Q: In one social experiment, you asked participants a series of questions about being treated a certain way based on race, such as at job interviews. They took a step back or forward depending on their experiences; their final positions showed a privilege gap. Afterwards you spoke to them – what do you think they took away?

I think they took away different things depending on their world view and their perspective. But I think they all took one thing away – that actually, they were able to have an open and productive conversation about race and privilege and tolerance with each other, which they hadn’t expected to do.

Everyone opened up, everyone talked about how they felt when they saw how the experiment played out and where they were standing. Everyone tried to imagine how the other participant might feel - they tried to put themselves in the mind of the other participant. So that was very heartening.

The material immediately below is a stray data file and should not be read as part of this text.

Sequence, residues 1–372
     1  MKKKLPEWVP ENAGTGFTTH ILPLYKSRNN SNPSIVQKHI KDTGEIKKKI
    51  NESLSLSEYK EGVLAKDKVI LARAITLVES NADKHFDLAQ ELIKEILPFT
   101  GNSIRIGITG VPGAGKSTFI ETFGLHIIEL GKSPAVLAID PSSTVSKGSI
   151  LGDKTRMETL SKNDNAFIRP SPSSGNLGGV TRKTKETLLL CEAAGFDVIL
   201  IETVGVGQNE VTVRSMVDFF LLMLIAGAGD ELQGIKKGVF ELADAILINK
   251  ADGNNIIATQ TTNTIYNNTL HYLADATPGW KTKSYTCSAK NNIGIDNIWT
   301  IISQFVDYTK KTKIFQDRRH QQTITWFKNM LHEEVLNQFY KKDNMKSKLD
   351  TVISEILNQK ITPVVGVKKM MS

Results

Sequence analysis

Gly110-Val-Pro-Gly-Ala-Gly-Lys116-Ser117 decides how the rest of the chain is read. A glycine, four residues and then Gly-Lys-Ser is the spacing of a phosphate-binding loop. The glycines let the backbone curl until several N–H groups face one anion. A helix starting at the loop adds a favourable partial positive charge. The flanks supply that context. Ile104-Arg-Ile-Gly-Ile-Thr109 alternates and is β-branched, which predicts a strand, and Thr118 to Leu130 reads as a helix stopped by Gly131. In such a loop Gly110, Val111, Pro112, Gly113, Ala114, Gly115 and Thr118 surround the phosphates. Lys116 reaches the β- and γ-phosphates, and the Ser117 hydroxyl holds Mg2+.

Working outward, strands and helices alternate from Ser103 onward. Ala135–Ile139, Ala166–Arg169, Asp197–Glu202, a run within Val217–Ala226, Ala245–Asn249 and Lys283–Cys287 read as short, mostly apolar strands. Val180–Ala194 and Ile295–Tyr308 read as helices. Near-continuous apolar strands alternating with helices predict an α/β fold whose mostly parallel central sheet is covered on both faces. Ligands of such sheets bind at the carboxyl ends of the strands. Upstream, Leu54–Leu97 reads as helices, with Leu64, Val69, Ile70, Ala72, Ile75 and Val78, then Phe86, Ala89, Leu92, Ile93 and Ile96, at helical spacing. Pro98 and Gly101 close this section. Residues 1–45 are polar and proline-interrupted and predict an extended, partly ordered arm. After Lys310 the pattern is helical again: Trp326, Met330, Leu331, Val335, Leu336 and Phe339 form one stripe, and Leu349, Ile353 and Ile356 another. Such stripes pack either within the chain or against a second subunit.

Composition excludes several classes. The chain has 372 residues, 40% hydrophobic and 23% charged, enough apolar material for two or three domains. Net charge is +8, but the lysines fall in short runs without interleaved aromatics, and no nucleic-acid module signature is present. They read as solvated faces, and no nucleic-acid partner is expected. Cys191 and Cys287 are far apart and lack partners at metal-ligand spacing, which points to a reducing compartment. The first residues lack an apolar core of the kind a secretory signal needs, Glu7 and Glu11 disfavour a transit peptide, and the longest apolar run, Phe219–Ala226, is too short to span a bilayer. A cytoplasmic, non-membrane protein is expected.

Q: What did you hope to achieve by doing the show?

Now, I do not think that in the 45 minutes of the show we covered everything, but I hope we took the right approach, which is to at least have the conversation about some of the deeper, more important issues.

I’m hoping it will make people sit up and think. I’m hoping it will be engaging enough that people will take the message seriously and think about how to take this forward and have deeper conversations about race.

Q: For example, what are some activities OnePeople.sg has in store?

Our primary focus is having dialogues and conversations, and creating that kind of moderated common space - a safe space, for dialogues. We’ll be doing a lot more.

In particular, we want to reach out to groups of people that we haven’t had opportunities to do so yet. And extend our conversations to wider groups of youths as well. We try to publicise our efforts to have people come forward to have discussions, and more ground-up partnerships and so forth. So we’re going to do a lot more of that.

Regardless Of Race premieres on Channel NewsAsia on Aug 15 at 8pm, as part of the CNA Signatures belt of innovative programmes. You can also watch it live streamed here

Source: CNA/yv